The Era of Salons: Czech Salon Art and the International Art Scene 1870–1914

28/09/2022 to 05/03/2023
exhibition hall Masné krámy
Autor: 
Aleš Filip, Roman Musil
Kurátor: 
Eva Skořepová

The exhibition aims to present Czech salon art in the European context, as was common practice in the ‘salons’ of the time between 1870 and 1914.

The exhibition aims to present Czech salon art in the European context, as was common practice in the ‘salons’ of the time between 1870 and 1914.
The exhibition and the accompanying publication will bring to light a hitherto little-known and under-addressed phenomenon of Czech salon art, which was presented at the regular annual exhibitions of the Krasoumná jednota (Kunstverein für Böhmen, Fine Arts Association) in Prague. Following the example of the Parisian salons, they introduced the audience to the art scene in an encyclopaedic scope, from historical and religious painting over the description of the life and manners, anecdotal genre, still life and portraiture to landscape painting. Exhibition juries selected works not only from the Czech lands but also extensively from Europe (Germany, Austria, Poland, Belgium, France, Great Britain and others), which were presented in the Prague’s exhibition halls, first at the Žofín and from 1885 at the Rudolfinum.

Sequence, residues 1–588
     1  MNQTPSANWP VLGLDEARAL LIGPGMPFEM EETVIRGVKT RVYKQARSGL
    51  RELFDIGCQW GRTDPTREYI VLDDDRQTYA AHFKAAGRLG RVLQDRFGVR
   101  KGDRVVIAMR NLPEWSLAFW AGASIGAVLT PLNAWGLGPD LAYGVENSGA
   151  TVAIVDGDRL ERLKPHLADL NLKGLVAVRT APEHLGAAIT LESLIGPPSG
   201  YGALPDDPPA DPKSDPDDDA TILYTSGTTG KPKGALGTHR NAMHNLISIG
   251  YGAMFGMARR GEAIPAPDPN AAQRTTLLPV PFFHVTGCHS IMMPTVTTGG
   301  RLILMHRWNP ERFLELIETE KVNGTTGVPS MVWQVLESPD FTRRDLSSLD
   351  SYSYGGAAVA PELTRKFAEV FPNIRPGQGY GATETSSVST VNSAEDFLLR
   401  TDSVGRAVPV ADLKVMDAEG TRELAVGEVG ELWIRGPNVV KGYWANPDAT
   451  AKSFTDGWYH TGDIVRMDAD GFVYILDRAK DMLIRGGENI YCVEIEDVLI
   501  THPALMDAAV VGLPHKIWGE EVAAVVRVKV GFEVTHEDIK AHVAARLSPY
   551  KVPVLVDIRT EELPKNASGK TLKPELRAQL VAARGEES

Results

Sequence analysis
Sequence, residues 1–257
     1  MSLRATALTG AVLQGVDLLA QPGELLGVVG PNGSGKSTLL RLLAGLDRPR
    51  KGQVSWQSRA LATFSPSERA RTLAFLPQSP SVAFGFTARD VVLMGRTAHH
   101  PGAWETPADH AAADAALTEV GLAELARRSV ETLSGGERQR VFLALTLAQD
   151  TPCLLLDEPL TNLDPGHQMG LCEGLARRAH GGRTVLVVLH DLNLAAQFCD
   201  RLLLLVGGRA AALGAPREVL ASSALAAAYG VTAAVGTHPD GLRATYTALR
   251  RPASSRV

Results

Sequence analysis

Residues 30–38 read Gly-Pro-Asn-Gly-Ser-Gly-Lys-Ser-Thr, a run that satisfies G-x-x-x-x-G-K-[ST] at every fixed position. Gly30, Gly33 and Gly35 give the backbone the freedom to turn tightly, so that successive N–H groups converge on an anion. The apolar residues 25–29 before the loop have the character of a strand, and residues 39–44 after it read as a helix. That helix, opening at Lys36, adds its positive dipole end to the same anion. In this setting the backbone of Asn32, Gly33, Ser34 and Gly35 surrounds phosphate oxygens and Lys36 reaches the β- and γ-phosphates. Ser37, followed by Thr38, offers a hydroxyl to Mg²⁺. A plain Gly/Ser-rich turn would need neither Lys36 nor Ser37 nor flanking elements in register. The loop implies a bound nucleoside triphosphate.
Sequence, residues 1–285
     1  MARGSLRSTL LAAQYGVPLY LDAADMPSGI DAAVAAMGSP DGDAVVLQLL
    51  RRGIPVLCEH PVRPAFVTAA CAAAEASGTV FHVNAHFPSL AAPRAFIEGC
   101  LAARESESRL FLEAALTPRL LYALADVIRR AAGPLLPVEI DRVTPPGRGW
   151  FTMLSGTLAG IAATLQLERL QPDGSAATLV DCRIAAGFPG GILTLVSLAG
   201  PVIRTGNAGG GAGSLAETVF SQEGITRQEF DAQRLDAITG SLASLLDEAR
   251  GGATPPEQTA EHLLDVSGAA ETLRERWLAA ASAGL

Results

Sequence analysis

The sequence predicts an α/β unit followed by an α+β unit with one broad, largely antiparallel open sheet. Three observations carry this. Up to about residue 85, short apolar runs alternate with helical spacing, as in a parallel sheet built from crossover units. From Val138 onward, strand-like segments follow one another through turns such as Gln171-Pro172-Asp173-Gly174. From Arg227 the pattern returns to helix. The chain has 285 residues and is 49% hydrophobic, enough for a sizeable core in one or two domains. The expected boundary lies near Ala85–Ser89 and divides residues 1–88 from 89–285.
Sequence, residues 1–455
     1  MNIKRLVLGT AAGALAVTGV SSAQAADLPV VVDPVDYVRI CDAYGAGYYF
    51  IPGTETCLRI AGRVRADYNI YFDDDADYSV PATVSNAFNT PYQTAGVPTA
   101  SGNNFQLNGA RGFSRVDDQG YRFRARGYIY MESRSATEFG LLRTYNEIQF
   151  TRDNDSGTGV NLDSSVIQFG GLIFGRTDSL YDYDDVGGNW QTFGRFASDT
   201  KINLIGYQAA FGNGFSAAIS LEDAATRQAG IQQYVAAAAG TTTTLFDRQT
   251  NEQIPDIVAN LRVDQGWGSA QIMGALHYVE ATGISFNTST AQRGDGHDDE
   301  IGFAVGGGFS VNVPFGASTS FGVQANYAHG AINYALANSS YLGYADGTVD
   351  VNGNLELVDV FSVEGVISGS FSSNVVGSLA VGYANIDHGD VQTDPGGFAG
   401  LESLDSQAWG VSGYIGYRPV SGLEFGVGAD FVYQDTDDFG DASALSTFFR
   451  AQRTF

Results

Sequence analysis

From the beginning, these exhibitions attracted wide public interest, influenced the development of domestic art criticism and promoted the art trade. Above all, the mutual artistic exchange between Prague, Vienna, Munich and Paris was crucial. The Czech public had the opportunity to watch the artistic rise of many important Czech artists, including those who had been working abroad for a long time: Jaroslav Čermák, Václav Brožík, Julius Mařák, Antonín Chittussi, Vojtěch Hynais, František Ženíšek, Luděk Marold, Hanuš Schwaiger, Jakub Schikaneder, Max Švabinský, Josef Václav Myslbek, Alfons Mucha and many others. Among the foreign artists exhibited here were Jan Matejko, Ivan Aivazovsky, Vasily Vereshchagin, Karl Theodor von Piloty, Hans Makart, Mihály Munkácsy , Félicien Rops, Franz von Stuck, Auguste Rodin, Fernand Khnopff , Vasily Kandinsky, Odilon Redon, James Ensor and others.